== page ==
Persenda is prepared from the meat of native sheep breeds such as Waziri, Kakari, Gassali, Dummari, Musakhaili, Shinwari and Marriwal.The animal selected for persenda is called landi. The white colored sheep breeds like Kakari, Musakhaili and Bybrik are preferred for this purpose, as their meat is considered juicier than that of other breeds. Such meat also lends itself to drying because the muscles are not double and thick. The animal is usually bought in July or August and kept on free grazing for almost 5 months, before being slaughtered in the month of December.After slaughtering, the wool is plucked from the carcass by hand. Then the viscera are removed and the abdomen is closed with the fresh stick of the tree. The carcass is singed by the flame produced by burning local bushes. The carcass is then washed to remove dirt and ashes. After washing, the bones are removed from the carcass without cutting the skin. The skin remains intact so that the carcass absorbs salts during a curing stage. The deboned carcass is then kept in the shade for 2-3 days. After this stage the carcass is cut into pieces and hung on wooden sticks in an aerated and sunny place for drying that lasts 10-15 days. The dried meat is then stored in an airy room on a mat made from plant leaves (pizzie). Such dry meat is called persenda. Drying and curing meat is a very ancient tradition of the inhabitants of marginalized, dry and cold lands of the world. Many mobile pastoralists, agro-pastoralists and farming communities had been using this technique to preserve meat while drying or curing. The refrigeration/cooling technology made it easy to conserve meat and other food items while decreasing its temperature and increasing shelf life. Still there is no electricity and other sources of power to use refrigeration and other techniques to conserve meat and other food items. Pashtun communities, either pastoralists or others have strong desire to cured meat which is called as Persenda. This tradition is still strong and in practice in Pakistan and Afghanistan.The climate change is resulting in concurrent droughts, ultimately eroding grassy vegetation from the range lands. The main feed item for range sheep is grass vegetation. The other threat is land grabbing and mining activities. The social change is another threat. Life style and feeding habits along with reluctance of animal fat use is another threat to the sheep heritage of the region. Low economic return and low income force sheep pastoralists to other economic activities. By promotion of their traditional products we can harvest niche market and can increase income manifold.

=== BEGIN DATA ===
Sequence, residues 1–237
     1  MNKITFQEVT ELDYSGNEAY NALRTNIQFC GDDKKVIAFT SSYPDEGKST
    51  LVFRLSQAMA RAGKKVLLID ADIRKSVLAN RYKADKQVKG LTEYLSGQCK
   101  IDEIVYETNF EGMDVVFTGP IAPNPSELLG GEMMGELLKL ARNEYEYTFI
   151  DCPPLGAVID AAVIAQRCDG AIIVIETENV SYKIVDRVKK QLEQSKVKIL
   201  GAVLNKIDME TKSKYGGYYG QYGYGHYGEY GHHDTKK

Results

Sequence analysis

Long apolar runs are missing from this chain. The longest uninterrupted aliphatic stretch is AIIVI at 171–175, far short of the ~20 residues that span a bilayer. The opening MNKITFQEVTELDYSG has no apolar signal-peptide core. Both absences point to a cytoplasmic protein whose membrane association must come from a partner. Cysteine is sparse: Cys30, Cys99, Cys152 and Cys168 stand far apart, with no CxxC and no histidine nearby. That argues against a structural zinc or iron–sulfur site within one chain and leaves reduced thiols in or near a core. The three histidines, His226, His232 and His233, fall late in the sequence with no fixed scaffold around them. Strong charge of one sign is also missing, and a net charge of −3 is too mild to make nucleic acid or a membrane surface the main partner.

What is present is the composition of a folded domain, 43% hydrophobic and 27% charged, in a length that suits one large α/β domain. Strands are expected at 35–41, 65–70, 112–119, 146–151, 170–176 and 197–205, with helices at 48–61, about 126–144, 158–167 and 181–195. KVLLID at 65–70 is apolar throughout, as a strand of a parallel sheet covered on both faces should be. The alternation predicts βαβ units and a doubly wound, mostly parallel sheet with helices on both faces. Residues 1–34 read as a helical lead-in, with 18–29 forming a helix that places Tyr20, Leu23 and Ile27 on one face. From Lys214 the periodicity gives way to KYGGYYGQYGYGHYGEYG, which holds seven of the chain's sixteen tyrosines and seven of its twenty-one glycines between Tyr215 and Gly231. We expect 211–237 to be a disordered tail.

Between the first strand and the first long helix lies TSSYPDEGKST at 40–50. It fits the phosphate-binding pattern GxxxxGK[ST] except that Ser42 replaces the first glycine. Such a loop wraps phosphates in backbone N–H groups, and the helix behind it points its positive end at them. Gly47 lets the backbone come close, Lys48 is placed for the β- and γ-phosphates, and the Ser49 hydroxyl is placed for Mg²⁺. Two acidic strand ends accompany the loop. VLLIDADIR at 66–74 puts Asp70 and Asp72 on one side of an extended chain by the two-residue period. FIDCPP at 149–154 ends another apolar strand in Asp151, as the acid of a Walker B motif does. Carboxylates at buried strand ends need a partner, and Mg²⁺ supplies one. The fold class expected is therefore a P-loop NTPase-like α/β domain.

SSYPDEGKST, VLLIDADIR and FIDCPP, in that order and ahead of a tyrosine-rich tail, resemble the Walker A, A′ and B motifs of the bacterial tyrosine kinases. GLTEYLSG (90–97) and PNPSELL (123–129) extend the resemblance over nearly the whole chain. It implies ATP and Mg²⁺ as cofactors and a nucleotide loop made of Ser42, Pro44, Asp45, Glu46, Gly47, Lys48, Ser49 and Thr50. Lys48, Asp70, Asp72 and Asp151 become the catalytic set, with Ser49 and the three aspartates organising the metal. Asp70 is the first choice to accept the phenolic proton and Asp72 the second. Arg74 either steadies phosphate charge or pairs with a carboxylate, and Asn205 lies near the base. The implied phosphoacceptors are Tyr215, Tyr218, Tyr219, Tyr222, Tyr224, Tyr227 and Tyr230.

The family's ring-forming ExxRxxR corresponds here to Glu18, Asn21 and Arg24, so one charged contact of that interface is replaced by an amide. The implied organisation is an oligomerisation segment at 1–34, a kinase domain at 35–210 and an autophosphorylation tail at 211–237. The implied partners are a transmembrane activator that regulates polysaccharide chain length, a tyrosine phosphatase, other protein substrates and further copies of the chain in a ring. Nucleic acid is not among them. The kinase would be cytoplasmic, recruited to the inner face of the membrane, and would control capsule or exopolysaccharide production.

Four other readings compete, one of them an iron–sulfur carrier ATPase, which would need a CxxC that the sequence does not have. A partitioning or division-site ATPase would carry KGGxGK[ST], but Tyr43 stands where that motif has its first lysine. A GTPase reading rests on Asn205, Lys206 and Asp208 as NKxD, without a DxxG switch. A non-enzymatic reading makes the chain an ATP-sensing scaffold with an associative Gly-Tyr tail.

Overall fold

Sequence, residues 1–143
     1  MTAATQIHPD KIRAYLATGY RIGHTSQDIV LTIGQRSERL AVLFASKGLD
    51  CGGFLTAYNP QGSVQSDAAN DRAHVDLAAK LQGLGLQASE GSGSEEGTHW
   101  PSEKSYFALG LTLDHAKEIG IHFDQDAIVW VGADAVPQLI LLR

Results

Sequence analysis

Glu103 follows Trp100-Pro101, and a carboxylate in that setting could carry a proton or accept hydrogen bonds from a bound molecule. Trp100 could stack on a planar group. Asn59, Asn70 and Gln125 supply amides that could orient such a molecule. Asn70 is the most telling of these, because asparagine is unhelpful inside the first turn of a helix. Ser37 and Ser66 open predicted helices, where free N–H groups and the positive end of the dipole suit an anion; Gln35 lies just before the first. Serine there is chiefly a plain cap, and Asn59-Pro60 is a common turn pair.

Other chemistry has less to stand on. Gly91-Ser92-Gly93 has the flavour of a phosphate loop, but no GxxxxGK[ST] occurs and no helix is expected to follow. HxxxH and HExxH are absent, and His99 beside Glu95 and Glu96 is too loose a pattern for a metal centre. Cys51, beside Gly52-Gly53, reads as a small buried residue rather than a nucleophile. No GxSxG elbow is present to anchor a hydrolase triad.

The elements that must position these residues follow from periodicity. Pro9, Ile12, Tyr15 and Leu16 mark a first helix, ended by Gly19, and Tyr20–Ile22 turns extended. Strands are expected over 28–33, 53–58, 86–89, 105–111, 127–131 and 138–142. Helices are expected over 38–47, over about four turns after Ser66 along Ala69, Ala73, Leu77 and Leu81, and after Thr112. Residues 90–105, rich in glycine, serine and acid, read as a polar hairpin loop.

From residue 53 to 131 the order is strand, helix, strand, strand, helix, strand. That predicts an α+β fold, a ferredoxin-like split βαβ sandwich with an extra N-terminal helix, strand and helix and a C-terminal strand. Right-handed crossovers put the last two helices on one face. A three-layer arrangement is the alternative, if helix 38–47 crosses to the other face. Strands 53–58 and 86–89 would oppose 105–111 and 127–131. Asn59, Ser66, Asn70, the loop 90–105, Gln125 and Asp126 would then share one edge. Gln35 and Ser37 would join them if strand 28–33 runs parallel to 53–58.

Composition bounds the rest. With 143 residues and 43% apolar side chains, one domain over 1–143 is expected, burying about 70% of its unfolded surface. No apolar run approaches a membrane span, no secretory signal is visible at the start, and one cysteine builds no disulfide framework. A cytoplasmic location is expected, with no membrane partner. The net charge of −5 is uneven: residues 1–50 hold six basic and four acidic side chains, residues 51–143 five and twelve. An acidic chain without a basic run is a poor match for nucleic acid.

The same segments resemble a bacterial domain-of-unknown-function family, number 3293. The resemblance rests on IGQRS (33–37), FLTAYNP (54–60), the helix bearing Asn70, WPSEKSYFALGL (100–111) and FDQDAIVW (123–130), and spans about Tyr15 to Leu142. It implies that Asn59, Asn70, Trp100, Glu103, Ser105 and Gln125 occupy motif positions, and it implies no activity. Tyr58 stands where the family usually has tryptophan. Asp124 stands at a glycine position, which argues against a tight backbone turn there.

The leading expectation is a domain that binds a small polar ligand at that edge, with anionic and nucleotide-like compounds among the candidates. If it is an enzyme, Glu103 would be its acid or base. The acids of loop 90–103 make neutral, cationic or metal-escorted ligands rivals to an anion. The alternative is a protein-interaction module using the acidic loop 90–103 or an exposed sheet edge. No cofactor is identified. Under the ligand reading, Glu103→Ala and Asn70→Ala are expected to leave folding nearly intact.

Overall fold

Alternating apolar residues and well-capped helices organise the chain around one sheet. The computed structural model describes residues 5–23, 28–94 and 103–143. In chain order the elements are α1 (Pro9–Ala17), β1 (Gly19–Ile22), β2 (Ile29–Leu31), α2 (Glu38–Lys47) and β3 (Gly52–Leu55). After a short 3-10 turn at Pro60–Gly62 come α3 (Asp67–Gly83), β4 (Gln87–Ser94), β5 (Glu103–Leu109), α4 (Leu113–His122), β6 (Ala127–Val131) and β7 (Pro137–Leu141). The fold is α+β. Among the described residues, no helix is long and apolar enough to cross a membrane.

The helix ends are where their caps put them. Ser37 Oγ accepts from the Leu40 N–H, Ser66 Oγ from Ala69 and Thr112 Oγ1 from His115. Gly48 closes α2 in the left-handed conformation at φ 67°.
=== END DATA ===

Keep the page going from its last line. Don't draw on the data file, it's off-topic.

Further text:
The traditional products, local breeds, and know-how collected by the Ark of Taste belong to the communities that have preserved them over time. They have been shared and described here thanks to the efforts of the network that that Slow Food has developed around the world, with the objective of preserving them and raising awareness. The text from these descriptions may be used, without modifications and citing the source, for non-commercial purposes in line with the Slow Food philosophy.